On Sept. 6, Wellesley held its annual convocation ceremony in Alumnae Hall. Due to inclement weather, the ceremony was moved from the Hay Outdoor Amphitheater to the Alumnae Hall auditorium.
Like many of Wellesley’s events this year, this was the first “normal” convocation to be held since before the COVID-19 pandemic began. Attendees wore masks, but other restrictions on campus had been lifted.
Four speeches were given at the event, one each by President Paula Johnson, Provost Andy Shennan, College Government President Alexandra Brooks ’23 and Chief Justice Nuzaina Faisal Khan ’23. Khan said that she enjoyed having the opportunity to address the campus community.
“It was kind of like a full circle moment because I remember seeing Nimo [Suleyman ’20] be Chief Justice my first year and being like, ‘Oh my God, Nimo is so cool,’ and talking to her right after convocation,” Khan said.
To write her speech, Khan considered what matters to students and how that related to the Honor Code. Khan and Brooks had written their speeches independently, but when the two sat down to compare them, they discovered that they had both highlighted student activism.
“Courage does not just exist solely in fights for monumental changes from an institution or government, but in daily acts of resistance and understanding,” Brooks said in their speech. “It exists in listening and learning from the people around you and realizing that it is, in fact, very OK to not be the smartest person in the room, especially at a place like Wellesley.”
In contrast to the student speeches, President Johnson’s remarks discussed the importance of Wellesley’s cultural and intellectual diversity. In particular, President Johnson told the story of Virginia Foster Durr, Class of 1925, a white woman from the South who initially refused to sit with a Black student during dinner her sophomore year but went on to become a white ally to the Civil Rights Movement.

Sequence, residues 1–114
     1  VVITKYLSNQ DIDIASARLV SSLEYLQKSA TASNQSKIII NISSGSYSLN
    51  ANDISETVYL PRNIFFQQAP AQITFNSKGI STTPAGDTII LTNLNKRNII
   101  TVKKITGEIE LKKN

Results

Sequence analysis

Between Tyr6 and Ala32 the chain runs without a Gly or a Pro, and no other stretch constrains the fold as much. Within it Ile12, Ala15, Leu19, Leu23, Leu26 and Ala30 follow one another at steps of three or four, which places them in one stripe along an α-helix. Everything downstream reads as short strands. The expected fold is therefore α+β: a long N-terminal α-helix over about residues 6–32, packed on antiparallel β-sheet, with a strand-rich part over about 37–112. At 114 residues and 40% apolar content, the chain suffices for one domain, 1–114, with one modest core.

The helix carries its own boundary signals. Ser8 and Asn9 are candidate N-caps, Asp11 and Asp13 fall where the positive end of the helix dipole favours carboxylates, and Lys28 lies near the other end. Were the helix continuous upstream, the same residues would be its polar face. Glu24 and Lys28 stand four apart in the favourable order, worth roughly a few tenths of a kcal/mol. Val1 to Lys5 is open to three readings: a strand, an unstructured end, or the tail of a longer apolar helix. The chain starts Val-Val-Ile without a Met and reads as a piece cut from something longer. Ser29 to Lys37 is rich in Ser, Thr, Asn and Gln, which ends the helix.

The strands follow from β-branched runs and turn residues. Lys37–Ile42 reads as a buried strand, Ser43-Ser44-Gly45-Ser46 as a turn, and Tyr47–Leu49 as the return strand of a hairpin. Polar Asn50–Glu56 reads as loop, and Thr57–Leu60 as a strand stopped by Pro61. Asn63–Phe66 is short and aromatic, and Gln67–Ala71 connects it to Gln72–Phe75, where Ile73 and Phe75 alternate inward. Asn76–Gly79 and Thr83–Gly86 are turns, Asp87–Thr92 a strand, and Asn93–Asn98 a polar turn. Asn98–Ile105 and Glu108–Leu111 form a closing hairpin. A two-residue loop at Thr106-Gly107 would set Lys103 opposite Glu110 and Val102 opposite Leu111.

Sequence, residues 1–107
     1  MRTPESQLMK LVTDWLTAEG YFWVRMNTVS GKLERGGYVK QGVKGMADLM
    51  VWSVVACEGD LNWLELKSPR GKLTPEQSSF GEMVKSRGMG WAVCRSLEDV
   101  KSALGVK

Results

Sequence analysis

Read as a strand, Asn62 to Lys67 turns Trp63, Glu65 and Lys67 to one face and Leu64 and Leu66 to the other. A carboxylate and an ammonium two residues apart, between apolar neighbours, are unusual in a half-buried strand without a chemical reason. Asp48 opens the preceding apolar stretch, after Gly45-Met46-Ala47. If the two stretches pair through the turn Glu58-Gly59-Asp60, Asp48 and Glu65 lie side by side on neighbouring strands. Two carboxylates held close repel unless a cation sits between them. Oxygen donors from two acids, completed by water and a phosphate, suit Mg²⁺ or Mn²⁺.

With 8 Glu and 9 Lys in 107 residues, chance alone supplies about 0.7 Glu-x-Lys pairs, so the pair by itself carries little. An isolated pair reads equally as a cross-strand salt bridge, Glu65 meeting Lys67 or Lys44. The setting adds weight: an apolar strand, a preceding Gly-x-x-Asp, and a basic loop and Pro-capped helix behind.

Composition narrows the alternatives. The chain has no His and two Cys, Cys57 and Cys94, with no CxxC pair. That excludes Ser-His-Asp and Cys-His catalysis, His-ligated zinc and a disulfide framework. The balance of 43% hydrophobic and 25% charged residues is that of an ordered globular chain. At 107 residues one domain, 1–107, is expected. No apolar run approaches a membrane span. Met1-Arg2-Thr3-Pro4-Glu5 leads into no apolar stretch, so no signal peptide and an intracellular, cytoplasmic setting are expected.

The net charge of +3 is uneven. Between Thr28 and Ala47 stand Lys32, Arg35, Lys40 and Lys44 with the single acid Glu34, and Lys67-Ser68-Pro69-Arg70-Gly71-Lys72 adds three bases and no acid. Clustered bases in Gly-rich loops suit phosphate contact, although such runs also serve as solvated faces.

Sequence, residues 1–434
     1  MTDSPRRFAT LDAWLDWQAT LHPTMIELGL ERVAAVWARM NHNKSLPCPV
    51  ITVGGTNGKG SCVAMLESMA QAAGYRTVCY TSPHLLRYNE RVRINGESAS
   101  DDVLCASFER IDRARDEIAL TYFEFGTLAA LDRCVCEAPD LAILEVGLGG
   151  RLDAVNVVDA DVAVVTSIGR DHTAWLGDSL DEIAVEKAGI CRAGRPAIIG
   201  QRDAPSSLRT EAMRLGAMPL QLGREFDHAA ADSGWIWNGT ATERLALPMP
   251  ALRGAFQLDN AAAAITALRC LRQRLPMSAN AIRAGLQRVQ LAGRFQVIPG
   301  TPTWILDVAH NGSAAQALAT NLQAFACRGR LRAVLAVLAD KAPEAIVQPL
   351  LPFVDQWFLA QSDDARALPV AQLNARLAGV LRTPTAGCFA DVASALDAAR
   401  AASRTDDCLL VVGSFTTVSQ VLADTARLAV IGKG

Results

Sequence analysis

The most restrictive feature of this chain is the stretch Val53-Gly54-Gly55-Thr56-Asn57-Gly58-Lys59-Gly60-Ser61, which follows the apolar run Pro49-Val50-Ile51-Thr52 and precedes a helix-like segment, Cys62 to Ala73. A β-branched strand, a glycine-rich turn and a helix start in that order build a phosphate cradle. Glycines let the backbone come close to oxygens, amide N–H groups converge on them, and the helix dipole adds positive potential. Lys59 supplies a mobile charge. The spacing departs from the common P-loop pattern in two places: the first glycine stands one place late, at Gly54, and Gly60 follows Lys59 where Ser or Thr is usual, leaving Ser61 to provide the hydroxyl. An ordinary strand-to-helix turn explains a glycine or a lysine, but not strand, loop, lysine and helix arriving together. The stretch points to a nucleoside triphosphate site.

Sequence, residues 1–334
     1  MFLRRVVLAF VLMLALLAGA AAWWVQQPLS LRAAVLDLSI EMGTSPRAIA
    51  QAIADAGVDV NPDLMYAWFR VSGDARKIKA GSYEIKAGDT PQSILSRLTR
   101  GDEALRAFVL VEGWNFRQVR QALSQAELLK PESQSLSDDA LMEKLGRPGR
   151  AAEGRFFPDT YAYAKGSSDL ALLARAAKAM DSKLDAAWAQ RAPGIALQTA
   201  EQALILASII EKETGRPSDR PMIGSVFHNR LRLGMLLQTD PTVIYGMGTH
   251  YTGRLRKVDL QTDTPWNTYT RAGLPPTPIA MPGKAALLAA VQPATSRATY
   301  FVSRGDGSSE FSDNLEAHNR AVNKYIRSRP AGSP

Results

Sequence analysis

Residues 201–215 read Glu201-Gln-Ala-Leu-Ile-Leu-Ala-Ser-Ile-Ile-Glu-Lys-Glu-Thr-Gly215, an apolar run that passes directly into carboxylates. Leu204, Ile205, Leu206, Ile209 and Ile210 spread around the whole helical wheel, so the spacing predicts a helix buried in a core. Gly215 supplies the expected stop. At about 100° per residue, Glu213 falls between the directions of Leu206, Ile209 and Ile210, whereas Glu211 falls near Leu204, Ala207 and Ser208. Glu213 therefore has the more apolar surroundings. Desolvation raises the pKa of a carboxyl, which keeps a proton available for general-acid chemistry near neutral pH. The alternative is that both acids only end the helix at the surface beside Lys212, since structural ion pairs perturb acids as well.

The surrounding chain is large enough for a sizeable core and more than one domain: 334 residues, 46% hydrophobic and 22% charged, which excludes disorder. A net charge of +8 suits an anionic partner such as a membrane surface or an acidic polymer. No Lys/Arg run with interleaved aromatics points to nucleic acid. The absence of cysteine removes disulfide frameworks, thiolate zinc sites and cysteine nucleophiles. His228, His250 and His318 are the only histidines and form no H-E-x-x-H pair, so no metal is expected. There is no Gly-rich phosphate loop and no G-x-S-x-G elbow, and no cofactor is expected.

This aspect of President Johnson’s speech sparked some criticism from the Wellesley community, as it did not align with some students’ views.
“I think it was kind of a choice of a story of a white woman who has her views challenged, and not about the students of color on campus who were having to deal with that,” Brooks said.
Additionally, President Johnson’s speech also mentioned a statistic that nearly half of American college students said they would not room with someone who voted for the opposite presidential candidate. Marty Martinage ’24 thought that the implications of this statement were problematic.
“I think a college should be striving to make their entire campus a place where students feel safe,” Martinage said. “You shouldn’t have to make your living space be somewhere where you’re questioning at all whether or not your roommate values you as a person.”
However, Martinage also added that speeches from administration are edited by many people and that President Johnson’s remarks may not necessarily be taken as an indication of the president’s personal beliefs.
Brooks believes that there may be additional pressure at the moment for members of administration to take a political stance.
“Wellesley’s always been a very political place, but I think, especially in the last year or two, there’s been a lot of pressure on admin to take stances on things rather than staying behind the guise of neutrality on everything,” Brooks said.